If you have kept up with the news in recent months, you are likely to have seen some striking images and videos of volcanic eruptions around the globe.

Litli-Hrútur eruption seen from space using satellite imagery. Lava and smoke is seen.
Litli-Hrútur eruption seen from space. Source: Modified Copernicus Sentinel data (2023), processed by ESA, CC BY-SA 3.0 IGO.
Volcanic Plume Billows from Klyuchevskoy, Russia seen using satellite imagery. Lava and high levels of smoke are seen.
Volcanic Plume Billows From Klyuchevskoy, Russia.
Source: NASA Earth Observatory images by Wanmei Liang and Lauren Dauphin, using MODIS data from NASA EOSDIS LANCE and GIBS/Worldview, and Landsat data from the U.S. Geological Survey.
Footage of magma and lava flows from the Reykjanes Peninsula eruption near Grindavik

No one can deny that volcanic eruptions are an astonishing, yet terrifying, sight. 

Despite a global effort from universities and research centres to monitor volcanoes, it can be an expensive task. There are around 1500 active volcanoes across the globe, but only around 100 volcano observatories. As seen in the recent eruptions in Iceland, near the town of Grindavik, monitoring efforts can mean the difference between life and death. Iceland’s sophisticated technology and preparedness for volcanic activity allowed them to ensure safe evacuation of the town weeks in advance of the first eruption event.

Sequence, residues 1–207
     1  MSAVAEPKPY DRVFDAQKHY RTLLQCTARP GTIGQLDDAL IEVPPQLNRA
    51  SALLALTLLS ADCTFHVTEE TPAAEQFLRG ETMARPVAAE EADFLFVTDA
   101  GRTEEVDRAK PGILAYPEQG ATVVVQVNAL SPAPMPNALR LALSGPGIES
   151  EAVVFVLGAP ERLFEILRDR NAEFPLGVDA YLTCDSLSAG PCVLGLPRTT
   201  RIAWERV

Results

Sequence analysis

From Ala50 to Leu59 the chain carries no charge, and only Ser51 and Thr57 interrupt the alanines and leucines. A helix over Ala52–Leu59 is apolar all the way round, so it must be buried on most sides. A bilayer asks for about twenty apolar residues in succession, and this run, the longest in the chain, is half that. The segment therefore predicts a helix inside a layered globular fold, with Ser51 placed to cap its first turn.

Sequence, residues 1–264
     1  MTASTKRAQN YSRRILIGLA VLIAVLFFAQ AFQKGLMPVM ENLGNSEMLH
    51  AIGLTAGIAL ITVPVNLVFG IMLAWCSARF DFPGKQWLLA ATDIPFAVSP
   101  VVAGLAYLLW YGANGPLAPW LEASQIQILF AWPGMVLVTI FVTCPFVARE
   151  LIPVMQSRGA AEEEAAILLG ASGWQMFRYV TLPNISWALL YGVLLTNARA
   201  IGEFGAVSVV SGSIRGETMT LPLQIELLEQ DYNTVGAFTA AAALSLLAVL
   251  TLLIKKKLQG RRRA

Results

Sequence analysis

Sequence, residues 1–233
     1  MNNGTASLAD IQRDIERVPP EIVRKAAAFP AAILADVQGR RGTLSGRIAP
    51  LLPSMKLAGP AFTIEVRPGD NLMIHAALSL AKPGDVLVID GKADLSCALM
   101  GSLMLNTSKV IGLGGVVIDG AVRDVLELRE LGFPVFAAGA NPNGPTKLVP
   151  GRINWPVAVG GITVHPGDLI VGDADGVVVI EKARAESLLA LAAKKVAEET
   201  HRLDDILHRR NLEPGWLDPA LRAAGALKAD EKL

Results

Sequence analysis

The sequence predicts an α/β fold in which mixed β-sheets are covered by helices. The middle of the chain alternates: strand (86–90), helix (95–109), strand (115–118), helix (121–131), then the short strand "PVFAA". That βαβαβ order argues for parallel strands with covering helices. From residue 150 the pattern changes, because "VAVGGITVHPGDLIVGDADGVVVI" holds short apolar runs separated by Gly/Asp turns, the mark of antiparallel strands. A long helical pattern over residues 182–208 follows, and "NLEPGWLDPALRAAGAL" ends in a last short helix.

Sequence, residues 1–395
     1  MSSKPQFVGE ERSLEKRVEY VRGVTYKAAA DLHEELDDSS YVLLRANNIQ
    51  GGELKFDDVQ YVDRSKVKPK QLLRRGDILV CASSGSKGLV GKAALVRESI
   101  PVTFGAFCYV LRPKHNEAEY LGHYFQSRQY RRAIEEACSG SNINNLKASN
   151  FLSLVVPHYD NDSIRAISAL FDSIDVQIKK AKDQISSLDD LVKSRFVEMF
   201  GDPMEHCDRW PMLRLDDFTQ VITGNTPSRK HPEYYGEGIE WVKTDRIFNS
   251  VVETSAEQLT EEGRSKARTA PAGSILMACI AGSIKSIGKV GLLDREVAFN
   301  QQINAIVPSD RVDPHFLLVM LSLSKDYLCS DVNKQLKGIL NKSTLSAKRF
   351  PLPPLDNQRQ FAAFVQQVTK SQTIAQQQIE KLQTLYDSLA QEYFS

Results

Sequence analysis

In comparison, the 2019 eruption of Whakaari (White Island, in New Zealand) left 22 people (many tourists) dead after poor management of monitoring data which indicated an eruption could have been imminent.

The volcanic island Nisyros, in Greece, offers another example of monitoring which leaves much to be desired. Though classed as an active volcano (a volcano or volcanic field that has erupted within the current geological epoch), the latest research and monitoring conducted on the island concluded in 2010. Though research did not state outright that the volcano posed an imminent threat to the islanders and surrounding populations on neighbouring Aegean islands, the authors highlighted that measures should be taken to ready the island in case an eruption did occur. This is encouraged in the conclusion of their publication, though seemingly monitoring has not taken place since their research concluded.